Minimal Monday

I have been very fortunate in motherhood with three wonderful, grown daughters whom I adore. Mother’s Day is a happy, celebratory occasion for me.

But last night as I was going to bed, I was thinking of all the moms who have been alienated from their children after a contentious divorce, as my mother had been when I was just four years old (the topic of my memoir-in-progress). I personally know a few of these mothers, and occasionally hear from others whom I’ve never met. They are loving, kind, deeply saddened mothers who desperately want to reconnect with the stolen hearts of their children.

I will not go into detail about ‘attachment-based parental-alienation’ because it is beyond the scope of this blog post (*It happens to dads too). But what I do want to tell you is that last night, without overthinking it or even pre-planning it, I reached out to a large number of these parents on a private online group, and shared my heartfelt thoughts with them. I just couldn’t let Mother’s Day go by without offering my understanding, empathy, and love. And they deeply, sincerely appreciated it.

What does this have to do with decluttering or minimalism? When we are doing our best to get rid of all that does not serve our best lives, including old beliefs, fear, and overthinking our heart’s desires and impulses, often what comes through are the most natural, aligned and effortless words and deeds.

Love isn’t hard.

Minimal Monday

Recently, I had the opportunity to be interviewed for a podcast about healing. This particular episode was about the ways in which decluttering can be a tool for healing. I can easily talk about simplifying as a means to free up your space, mind, calendar and creativity. I am a fervent proponent of the many benefits; the freedom, the momentum, the lightness….

But when asked to speak of decluttering as a practice for healing, I have to take a deep breath. The topic goes straight to my heart and conjures up the experience of navigating my own core wound. Indeed, I do believe that decluttering is a tool for allowing and uncovering what needs our attention. Freed from distractions and clutter, we are left to face ourselves, to come home to ourselves.

The conversation took that deeper dive, and if I had to summarize it in one passage, it would be this:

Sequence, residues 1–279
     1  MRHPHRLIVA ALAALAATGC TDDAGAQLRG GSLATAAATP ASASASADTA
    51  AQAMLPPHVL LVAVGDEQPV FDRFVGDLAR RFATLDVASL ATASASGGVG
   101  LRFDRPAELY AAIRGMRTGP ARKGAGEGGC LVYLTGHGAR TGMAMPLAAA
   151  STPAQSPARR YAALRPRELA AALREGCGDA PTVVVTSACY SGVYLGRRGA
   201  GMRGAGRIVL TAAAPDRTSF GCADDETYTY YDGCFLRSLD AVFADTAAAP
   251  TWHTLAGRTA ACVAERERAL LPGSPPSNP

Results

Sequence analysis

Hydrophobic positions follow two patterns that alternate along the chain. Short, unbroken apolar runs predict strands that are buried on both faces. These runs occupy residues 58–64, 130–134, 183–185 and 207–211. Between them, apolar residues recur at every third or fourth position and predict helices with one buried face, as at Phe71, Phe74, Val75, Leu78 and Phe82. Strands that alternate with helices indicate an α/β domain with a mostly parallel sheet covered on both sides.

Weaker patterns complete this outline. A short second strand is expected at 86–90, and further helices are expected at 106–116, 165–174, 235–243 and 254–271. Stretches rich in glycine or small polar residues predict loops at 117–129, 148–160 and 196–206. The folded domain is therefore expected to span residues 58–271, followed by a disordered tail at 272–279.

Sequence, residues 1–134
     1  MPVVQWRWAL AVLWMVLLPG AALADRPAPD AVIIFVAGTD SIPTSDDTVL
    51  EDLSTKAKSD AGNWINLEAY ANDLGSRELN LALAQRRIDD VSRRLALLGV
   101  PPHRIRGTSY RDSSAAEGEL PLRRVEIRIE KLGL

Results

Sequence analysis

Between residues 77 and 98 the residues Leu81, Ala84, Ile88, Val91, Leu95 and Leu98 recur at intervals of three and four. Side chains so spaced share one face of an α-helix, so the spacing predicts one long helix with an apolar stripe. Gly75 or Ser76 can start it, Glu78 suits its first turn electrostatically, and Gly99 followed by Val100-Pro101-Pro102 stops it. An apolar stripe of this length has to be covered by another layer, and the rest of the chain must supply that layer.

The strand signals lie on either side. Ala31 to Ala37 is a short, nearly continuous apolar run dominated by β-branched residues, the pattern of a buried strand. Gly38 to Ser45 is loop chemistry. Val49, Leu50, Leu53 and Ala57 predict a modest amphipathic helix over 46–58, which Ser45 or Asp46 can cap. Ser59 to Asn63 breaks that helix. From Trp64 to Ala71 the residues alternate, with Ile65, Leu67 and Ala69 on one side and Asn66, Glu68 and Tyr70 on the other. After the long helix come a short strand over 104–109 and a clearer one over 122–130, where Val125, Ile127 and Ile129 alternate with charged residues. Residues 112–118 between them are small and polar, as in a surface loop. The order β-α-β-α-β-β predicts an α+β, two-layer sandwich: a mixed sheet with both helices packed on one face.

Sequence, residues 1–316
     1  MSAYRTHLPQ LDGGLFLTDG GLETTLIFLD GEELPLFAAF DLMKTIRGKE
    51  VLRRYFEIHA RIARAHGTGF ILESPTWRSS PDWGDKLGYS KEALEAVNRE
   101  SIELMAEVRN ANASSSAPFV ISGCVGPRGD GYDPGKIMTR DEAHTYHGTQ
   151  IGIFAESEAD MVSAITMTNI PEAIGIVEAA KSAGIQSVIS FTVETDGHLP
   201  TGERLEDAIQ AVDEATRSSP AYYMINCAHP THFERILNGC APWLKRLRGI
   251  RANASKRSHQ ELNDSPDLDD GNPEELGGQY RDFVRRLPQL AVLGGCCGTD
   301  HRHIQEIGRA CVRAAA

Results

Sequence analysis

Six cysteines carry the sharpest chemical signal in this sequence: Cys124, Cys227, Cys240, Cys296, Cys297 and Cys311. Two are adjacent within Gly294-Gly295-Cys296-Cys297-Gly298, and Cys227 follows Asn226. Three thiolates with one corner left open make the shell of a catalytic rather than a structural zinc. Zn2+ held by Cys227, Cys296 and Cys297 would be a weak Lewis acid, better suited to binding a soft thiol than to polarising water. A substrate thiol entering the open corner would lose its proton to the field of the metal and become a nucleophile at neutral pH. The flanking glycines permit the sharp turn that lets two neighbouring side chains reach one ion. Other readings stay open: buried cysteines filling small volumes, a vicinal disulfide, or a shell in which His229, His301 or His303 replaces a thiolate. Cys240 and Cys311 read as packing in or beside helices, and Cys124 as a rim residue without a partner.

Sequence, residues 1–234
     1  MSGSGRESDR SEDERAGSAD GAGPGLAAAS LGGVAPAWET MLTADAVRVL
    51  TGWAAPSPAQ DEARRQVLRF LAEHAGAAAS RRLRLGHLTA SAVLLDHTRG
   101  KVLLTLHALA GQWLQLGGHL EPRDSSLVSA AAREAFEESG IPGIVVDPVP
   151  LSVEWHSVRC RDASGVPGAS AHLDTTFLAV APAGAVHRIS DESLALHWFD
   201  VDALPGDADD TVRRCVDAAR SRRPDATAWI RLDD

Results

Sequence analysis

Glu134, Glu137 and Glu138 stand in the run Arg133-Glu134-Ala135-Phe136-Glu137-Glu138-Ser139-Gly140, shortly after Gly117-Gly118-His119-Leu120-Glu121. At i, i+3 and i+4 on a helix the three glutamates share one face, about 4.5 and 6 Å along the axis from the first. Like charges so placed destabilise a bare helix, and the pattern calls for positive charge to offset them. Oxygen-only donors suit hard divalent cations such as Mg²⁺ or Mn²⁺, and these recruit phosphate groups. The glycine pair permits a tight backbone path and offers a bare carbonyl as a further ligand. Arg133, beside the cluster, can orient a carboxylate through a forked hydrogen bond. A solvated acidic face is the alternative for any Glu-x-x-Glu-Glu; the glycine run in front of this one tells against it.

If there is too much inner and outer extraneous matter, we will avoid – or never find – the way to healing. On the contrary, it is hard to be uncluttered and remain lost, because the way forward is revealed in the open spaces. Clarity will lead you home every time.

THE UNCLUTTERED MOTHER: Free Up Your Space, Mind & Heart

Minimal Monday

The wound is the place where the light enters you.” -Rumi

This morning I awoke feeling especially committed to finishing and seeking publication for my memoir. It is my writing project that requires the most vulnerability, risk, and the biggest investment of time and heart and mental strength.

Several years ago, I took first place at Boston MOTH live storytelling event while performing a piece from my memoir-in-progress. I was recently able to obtain a recording of this event, although I haven’t played it yet. I had been very encouraged after that night at the MOTH – elated even- and I had high hopes for my memoir. But then everyday life and fear and the distractions of other projects kicked in and it was just so easy to deny how much time was slipping by without making a lot of progress. I had excerpts published here and there, but too often I let the work go untouched for weeks, and often months, at a time. Those months turned into years of a project that rarely saw the light of day. I was moving it forward, but at a snails pace.

I guess it has taken me until now to finally give myself the permission that is required to complete such a thing. I think that permission has been building, coming from many sources, both internal and external, but the bottom line is that I finally accept that this book is part of my purpose.

Shining a light on our wounds while also showing how we are transformed by the wisdom that is granted, or the knowledge, or healing or forgiveness, is the gift of memoir. It is one way, my way, of being of service and finding meaning in a world where suffering happens.

Perhaps I’ve been a slow learner, or a fearful participant, and am finally embracing the work is that is mine to do. I am grateful to be all-in on this project once again, and this time to see it all the way through to the light.

Happy Monday!

***

I write a bit about healing old wounds in my book, The Uncluttered Mother.  https://www.amazon.com/dp/0875169163/ref=cm_sw_em_r_mt_dp_NF90YHKDCJ2K3WSGB0VF

If you have read and enjoyed this book, please consider leaving me a reviewIt would be greatly appreciated. I want to share my book with hardworking, overwhelmed moms far and wide. Reviews are an important part of making this happen. Thank you!

Review here: http://www.amazon.com/review/create-review?&asin=0875169163

Minimal Monday

Like most of us, I am horrified and saddened by the war in Ukraine. It has me thinking about the rise to power of Putin and other authoritarian leaders, past and current, and about the terrible harm that stems from the abuse of power.